Rapid assessment of ecosystem services provided by two mineral extraction sites restored for nature conservation in an agricultural landscape in eastern England

Phillip J. Blaen, Li Jia, Kelvin S.-h. Peh, Rob H. Field, Andrew Balmford, Michael A. Macdonald, Richard B. Bradbury

Research output: Contribution to journalArticlepeer-review

11 Citations (Scopus)
535 Downloads (Pure)

Abstract

Despite growing recognition that mineral sites restored for nature conservation can enhance local biodiversity, the wider societal benefits provided by this type of restoration relative to alternative options are not well understood. This study addresses this research gap by quantifying differences in ecosystem services provision under two common mineral site after-uses: nature conservation and agriculture. Using a combination of site-specific primary field data, benefits transfer and modelling, we show that for our sites restoration for nature conservation provides a more diverse array of ecosystem services than would be delivered under an agricultural restoration scenario. We also explore the effects of addressing different conservation targets, which we find alter the provision of ecosystem services on a service-specific basis. Highly species-focused intervention areas are associated with increased carbon storage and livestock grazing provision, whereas non-intervention areas are important for carbon sequestration, fishing, recreation and flood risk mitigation. The results of this study highlight the wider societal importance of restored mineral sites and may help conservation managers and planners to develop future restoration strategies that provide benefits for both biodiversity and human well-being.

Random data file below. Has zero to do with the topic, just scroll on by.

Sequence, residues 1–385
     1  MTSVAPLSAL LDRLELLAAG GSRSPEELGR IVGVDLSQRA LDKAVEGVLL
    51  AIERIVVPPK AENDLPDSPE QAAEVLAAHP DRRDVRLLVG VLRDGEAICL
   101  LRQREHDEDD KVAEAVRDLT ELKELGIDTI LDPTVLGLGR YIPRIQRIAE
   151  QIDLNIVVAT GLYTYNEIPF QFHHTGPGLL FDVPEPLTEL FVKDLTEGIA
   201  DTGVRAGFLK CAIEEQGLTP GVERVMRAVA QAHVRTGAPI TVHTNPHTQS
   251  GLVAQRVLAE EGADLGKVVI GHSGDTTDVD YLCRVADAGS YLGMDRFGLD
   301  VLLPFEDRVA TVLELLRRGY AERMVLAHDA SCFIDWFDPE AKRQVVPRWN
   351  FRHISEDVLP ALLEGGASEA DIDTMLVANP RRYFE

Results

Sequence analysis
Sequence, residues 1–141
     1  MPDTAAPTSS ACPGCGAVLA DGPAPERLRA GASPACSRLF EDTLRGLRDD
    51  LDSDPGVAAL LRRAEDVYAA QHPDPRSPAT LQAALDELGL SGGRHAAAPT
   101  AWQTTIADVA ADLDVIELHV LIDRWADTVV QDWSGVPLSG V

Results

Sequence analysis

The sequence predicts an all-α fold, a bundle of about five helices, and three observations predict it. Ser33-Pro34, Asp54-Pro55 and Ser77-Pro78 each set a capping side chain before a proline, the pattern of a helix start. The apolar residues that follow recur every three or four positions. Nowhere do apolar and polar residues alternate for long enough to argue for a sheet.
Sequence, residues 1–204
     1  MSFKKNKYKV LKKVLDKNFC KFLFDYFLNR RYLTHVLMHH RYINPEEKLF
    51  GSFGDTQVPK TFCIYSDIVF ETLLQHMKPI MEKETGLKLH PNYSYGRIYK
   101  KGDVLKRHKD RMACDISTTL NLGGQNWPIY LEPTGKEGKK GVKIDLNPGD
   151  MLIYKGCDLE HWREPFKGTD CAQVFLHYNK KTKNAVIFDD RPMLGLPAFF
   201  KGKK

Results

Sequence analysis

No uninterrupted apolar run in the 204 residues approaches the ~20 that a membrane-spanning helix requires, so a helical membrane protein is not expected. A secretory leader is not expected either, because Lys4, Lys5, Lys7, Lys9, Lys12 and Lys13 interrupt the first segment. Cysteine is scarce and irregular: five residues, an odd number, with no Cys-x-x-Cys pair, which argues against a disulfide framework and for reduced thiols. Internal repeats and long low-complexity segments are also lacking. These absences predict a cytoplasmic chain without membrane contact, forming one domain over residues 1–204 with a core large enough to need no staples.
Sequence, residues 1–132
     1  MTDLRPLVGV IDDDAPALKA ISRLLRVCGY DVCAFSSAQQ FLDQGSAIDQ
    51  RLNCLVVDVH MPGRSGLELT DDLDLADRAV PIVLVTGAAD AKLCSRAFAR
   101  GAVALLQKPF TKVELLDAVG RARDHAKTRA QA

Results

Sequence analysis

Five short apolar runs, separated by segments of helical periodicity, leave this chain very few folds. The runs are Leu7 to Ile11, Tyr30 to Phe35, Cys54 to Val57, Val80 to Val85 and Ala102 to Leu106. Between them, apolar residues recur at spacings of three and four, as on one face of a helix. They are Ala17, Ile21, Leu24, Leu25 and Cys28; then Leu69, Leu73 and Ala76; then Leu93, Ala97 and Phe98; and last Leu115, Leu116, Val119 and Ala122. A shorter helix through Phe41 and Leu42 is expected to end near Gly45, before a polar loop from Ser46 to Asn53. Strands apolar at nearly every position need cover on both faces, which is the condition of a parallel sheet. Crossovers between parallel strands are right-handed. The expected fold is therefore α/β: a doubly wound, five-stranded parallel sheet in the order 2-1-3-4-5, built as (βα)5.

Original languageEnglish
Article numbere0121010
JournalPLoS ONE
Volume10
Issue number4
DOIs
Publication statusPublished - 20 Apr 2015

Keywords

  • Agriculture
  • Carbon sequestration
  • Conservation science
  • Ecosystems
  • Fish farming
  • Flooding
  • Grazing
  • Habitats

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